In a preferred embodiment of the invention, the percentage content of such additives in component B as a whole can be up to at most about 30% by weight but is preferably lower, for example about 0.5 to about 10% by weight.
The above-mentioned components A and B may be used for the production of adhesives. Accordingly, the present invention also relates to a process for the production of an adhesive in which at least two components A and B are mixed,
Besides components A and B, other components may optionally be used for the production of the corresponding adhesive. These other components may be, for example, organic or inorganic additives, such as sand, granular plastics, powdered plastics, granular rubbers, powdered rubbers, glass granules or glass beads or a mixture of two or more of the additives mentioned.
Accordingly, the present invention also relates to an adhesive obtainable by mixing at least two components A and B,
It has been found that combinations of component A and component B may also be used as adhesives providing component B has only a small content, if any, of polar compounds. Accordingly, the present invention also relates to the use of an adhesive system of at least two components A and B for the production of adhesives,
In a preferred embodiment of the use according to the invention, the oil phase contains at least 0.1% by weight of a compound liquid at 23° C. which is soluble in the oil phase and which contains at least one covalent single, double or triple bond between a carbon atom and a hetero atom or a mixture of two or more such compounds.
The adhesives obtainable by the process according to the invention are suitable for bonding substrates of the same kind or of different kinds. Suitable substrates are, for example, wood, cork, metal, plastics, textiles, stone, concrete and the like. In a preferred embodiment of the present invention, the adhesives are used for bonding water-sensitive substrates, for example for bonding parquet or laminate to floors in interior rooms.
Accordingly, the present invention also relates to the use of an adhesive according to the invention for bonding materials of wood, cork, metal, plastics, textiles, elastomers, stone or concrete.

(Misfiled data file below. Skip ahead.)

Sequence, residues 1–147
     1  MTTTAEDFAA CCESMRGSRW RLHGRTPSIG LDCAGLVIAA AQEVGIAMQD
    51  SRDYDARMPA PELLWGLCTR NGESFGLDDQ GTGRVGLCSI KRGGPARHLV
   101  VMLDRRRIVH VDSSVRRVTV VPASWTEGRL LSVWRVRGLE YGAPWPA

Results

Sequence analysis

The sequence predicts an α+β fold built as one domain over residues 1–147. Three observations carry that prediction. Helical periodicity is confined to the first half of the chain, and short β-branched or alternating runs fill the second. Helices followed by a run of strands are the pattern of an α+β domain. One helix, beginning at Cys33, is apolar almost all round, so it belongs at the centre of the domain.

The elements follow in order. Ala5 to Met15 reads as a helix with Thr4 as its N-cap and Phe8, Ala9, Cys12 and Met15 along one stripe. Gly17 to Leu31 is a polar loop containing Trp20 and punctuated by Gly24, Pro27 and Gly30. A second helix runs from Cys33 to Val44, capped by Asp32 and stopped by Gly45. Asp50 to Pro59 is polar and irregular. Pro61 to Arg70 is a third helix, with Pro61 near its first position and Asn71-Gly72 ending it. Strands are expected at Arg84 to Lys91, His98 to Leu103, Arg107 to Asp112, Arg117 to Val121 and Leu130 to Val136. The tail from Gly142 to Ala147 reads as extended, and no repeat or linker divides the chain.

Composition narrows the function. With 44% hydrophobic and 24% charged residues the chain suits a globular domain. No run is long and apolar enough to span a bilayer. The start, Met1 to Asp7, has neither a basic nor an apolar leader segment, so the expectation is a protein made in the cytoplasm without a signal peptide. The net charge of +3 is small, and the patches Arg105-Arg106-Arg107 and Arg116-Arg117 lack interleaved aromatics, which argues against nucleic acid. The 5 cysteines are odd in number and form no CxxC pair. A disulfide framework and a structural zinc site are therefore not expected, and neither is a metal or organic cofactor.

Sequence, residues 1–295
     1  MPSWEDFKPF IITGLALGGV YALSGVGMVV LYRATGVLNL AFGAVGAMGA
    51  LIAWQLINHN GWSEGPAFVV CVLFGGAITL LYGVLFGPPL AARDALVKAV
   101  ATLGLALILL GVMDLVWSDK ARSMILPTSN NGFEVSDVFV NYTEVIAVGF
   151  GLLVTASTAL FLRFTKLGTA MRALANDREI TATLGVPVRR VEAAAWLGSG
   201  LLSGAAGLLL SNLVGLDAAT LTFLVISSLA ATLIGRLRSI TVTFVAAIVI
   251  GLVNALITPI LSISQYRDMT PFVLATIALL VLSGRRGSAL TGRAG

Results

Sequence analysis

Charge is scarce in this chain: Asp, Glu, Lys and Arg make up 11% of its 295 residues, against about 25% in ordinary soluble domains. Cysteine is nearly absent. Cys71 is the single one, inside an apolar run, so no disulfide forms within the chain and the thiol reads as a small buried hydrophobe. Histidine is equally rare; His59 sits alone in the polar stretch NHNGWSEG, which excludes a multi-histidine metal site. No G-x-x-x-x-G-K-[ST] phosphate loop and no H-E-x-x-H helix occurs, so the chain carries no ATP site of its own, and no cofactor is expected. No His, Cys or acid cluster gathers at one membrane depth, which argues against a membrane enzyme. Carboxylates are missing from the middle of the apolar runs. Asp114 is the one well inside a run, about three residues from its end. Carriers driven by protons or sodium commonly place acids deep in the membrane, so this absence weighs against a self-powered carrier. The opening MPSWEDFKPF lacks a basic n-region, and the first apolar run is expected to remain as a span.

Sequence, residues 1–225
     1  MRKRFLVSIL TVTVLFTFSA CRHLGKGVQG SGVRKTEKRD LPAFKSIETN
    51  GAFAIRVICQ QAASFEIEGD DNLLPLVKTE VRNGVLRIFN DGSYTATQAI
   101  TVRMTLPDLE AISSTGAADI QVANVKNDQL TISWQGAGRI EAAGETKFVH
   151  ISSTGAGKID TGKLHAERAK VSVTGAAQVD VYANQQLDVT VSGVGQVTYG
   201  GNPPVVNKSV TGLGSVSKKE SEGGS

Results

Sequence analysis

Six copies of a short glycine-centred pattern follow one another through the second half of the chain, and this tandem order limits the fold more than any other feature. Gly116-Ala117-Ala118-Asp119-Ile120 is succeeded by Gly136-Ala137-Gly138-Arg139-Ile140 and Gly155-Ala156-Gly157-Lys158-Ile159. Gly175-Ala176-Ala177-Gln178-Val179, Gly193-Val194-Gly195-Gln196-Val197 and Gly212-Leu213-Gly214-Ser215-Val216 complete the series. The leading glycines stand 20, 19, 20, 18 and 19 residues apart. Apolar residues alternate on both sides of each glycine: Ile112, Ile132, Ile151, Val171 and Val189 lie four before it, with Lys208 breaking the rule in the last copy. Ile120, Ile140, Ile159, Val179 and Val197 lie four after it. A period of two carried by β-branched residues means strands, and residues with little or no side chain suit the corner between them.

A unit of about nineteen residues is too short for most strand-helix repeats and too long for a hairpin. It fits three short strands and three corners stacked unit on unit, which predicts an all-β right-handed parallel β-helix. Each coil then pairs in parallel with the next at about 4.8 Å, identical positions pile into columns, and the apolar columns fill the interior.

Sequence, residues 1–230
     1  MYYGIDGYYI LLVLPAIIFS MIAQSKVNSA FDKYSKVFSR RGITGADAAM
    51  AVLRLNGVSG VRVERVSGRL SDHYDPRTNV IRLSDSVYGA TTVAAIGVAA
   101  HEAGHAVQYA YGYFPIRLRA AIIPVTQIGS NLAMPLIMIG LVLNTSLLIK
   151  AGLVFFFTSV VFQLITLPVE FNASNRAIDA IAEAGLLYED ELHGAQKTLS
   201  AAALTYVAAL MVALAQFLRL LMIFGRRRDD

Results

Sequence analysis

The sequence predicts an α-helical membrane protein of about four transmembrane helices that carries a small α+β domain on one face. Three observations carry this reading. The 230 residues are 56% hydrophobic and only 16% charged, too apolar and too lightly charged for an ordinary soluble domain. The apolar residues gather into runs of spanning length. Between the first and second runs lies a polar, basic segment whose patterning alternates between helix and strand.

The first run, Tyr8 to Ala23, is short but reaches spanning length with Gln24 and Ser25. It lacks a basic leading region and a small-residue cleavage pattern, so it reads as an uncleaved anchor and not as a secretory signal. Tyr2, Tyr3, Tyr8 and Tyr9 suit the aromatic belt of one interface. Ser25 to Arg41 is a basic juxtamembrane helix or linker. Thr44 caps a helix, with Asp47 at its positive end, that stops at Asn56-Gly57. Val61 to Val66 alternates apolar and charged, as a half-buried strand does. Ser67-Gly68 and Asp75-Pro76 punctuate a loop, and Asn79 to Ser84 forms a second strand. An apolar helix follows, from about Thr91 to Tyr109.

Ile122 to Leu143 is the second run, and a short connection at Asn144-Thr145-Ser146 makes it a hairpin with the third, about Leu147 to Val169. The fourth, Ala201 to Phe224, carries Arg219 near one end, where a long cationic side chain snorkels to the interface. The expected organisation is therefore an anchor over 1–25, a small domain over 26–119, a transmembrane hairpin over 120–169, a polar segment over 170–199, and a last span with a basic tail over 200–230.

The adhesives according to the invention are suitable both for bonding water-permeable substrates and for bonding water-impermeable substrates. Thus, besides the above-mentioned materials, plastic substrates for example, particularly in web or sheet form, for example elastomeric plastics, may be bonded. The adhesives according to the invention are particularly suitable for bonding elastomers to roofs or floors.
The invention is illustrated by the following Examples.
The following components A and B were used for the production of adhesives:
Component A1: dispersion of 65% by weight vinyl acetate, 10% by weight ethylene and 25% by weight vinyl versatate, solids content: ca. 60% Component A2: dispersion of 50% by weight styrene and 50% by weight butyl acrylate, solids content: ca. 50% Component B1: ettringite-forming cement in castor oil (mixing ratio 2:1) Component B2: white lime in epoxidized soybean oil (mixing ratio 2:1)
The following different adhesives were prepared from the above-described components A and B by mixing the corresponding quantities and the mixtures were evaluated:
(*The rubber granules were added to component B1 before mixing of the two components)
Films were prepared from the adhesives and were evaluated on the basis of the following criteria:
1 = very elastic, very tacky, very hard, high resilience
6 = inelastic, tack-free, soft, no resilience)
Commercial laminate was laid on cement screed slabs using the adhesives. Adhesion to the surface and to the substrate was good.
Insulating Properties of the Adhesive:
Commercial laminate was laid on cement screed slabs:
Laying the laminate loosely on a sound-insulating layer (a) produces the worst results. Even simple bonding (b) with commercially available products does not produce a clear advantage. Although bonding to the sound-insulating layer (c) has a good sound-insulating effect, it is complicated (2 steps) and expensive. Bonding with the adhesive (d) according to the invention produces a distinct gain in sound insulation and can be carried out in a single step. Accordingly, the adhesive according to the invention is simple and inexpensive to apply to all, nowadays generally loosely laid hard floors (for example laminate, ready-made parquet).
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|US20060217017 *||Mar 22, 2005||Sep 28, 2006||Tavy Enterprises, Llc||Method of preparing a substrate to receive a covering|
|US20070020476 *||May 18, 2006||Jan 25, 2007||Kintzley Tom G||Wood composites, methods of production, and methods of manufacture thereof|
|US20110287263 *||Feb 3, 2010||Nov 24, 2011||Mi-Suk Jung||Filler material for a floor, and method for producing filler material for a floor|
|US20120258317 *||Oct 12, 2010||Oct 11, 2012||Sika Technology Ag||Aqueous two-component dispersion adhesive|
|U.S. Classification||524/2, 524/423, 524/3, 524/4, 524/8, 524/6, 524/5, 524/436, 524/450, 524/7|
|International Classification||C04B40/06, C04B26/02, C09J11/00|
|Cooperative Classification||C04B2111/00637, C04B40/065, C04B26/02, C09J11/00|
|European Classification||C09J11/00, C04B26/02, C04B40/06D2|
|Sep 15, 2003||AS||Assignment|
Owner name: HENKEL KOMMANDITGESELLSCHAFT AUF AKTIEN (HENKEL KG
Free format text: ASSIGNMENT OF ASSIGNORS INTEREST;ASSIGNORS:BACHON, THOMAS;WINDHOEVEL, UDO FRANK;TAMCKE, THOMAS;AND OTHERS;REEL/FRAME:013972/0823;SIGNING DATES FROM 20030804 TO 20030829
|Jan 24, 2006||CC||Certificate of correction|
|Apr 15, 2009||FPAY||Fee payment|
Year of fee payment: 4
|Jun 28, 2013||REMI||Maintenance fee reminder mailed|
|Nov 15, 2013||LAPS||Lapse for failure to pay maintenance fees|
|Jan 7, 2014||FP||Expired due to failure to pay maintenance fee|
Effective date: 20131115